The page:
Yesterday, we discussed the importance of Bayes’ rule in statistical reasoning. We used the example of a person who goes for a battery of screening tests and comes up positive for HIV. Let’s say she is surprised (and alarmed) because she is not at any known risk for HIV.
But, it turns out, the risk of false positives for the test is several times greater than the incidence of HIV in the population. In that case, it is reasonable for her to suspect—on a statistics science basis, not just wishful thinking—that the test is a false positive. The formula we used is part of Bayesian reasoning, originally developed by an eighteen-century British clergyman and mathematician Thomas Bayes (1702–1761), but now widely used to assess probabilities.
When Bayes first proposed his approach, it was not just another a dry theorem. It was a challenge to a powerful philosophy advocating extreme skepticism—the philosophy of David Hume (1711–1776) (pictured).
Bayes was not formally trained as a mathematician; he was a highly skilled amateur. He had written a book describing and defending the foundations of calculus when he was in his thirties. Formally, he studied logic and theology at the University of Edinburgh.
He was later ordained, and eventually became the minister at Presbyterian Chapel in Tunbridge Wells in 1733, where he remained until he retired 1752. He fell ill in 1755 and died in 1761. His work on probability was only publicized after his death by Richard Price (1723–1791), a friend and fellow clergyman who was also a pioneer insurance statistician.
So why did Bayes choose to clash with the famous philosopher Hume? Mathematics historian Stephen Stigler has been making the case that there was an underlying issue that is still relevant today.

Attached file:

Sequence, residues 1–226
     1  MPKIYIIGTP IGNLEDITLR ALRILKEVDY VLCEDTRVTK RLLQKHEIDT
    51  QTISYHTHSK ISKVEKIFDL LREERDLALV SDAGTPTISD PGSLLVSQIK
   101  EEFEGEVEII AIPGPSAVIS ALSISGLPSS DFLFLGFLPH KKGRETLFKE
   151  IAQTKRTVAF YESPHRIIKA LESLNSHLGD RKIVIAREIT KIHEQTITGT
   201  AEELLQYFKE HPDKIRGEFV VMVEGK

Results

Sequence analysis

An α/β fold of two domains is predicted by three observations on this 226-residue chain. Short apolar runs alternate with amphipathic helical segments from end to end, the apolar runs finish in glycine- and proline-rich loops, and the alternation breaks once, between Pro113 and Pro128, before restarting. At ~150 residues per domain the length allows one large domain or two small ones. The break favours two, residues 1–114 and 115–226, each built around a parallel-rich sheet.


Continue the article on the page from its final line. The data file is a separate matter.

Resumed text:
In his iconic chapter “On Miracles” (1748) in the Enquiries concerning Human Understanding, Hume tried to use probability theory to show that reports of miracles change nothing regarding our understanding of human existence. This essay was widely distributed and was, no doubt, of concern to Christian clergy.
Based on his surviving notes, it appears that Bayes began his work on probability shortly after Hume’s essay was published, David Hartley (1705–1757) apparently referred to them in his 1749 book, Observations on Man, as Hartley’s “ingenious friend.”
Later, he met and became good friends with Richard Price. We don’t know what they discussed but we do know that Price sought out Bayes’ manuscript after his death and spent two years enlarging it and preparing it for publication. As Stigler points out, the manuscript concerned problems of induction (determining facts from evidence, as in our HIV example). And induction is precisely the problem that David Hume was addressing.
Price went on to publish a rebuke of Hume in his own book, Four Dissertations. Price shows, citing Bayes’ paper as an authority, that even improbable events such as miracles can be established by eyewitness testimony from multiple witnesses.
We cannot be sure that Bayes developed the theorems he did for the express purpose of countering Hume because he left no written record of that intention. It is most likely, however, that Bayes’ theorem and its implications with respect to Hume’s assertions formed part of his and Price’s discussions. So, of course, after Bayes’s death, Price went to considerable trouble to dig up and prepare his late friend’s manuscript to use in that philosophical fight, believing that his friend would want him to do so.
Many people see mathematics as a dry manipulation of numbers. It is often a philosophical duel played out with symbols instead of swords. And it is much more interesting if we know a bit about the players and their positions.
Note: Some readers may be surprised by the prominent role clergy played in pioneering math and science studies during the eighteenth and nineteenth centuries. Few commoners in those days could afford much education but clergy were provided with education. Many of them used the opportunity not only to perform their duties but to advance various disciplines, as Bayes did with statistics and Price did with insurance calculations (actuarial tables).
Here’s Part 1: Can an 18th century statistician help us think more clearly? Distinguishing between types of probability can help us worry less and do more. Bayes’ Rule can help us distinguish between types of probability if, for example, we have a positive screening test for a disease but no symptoms.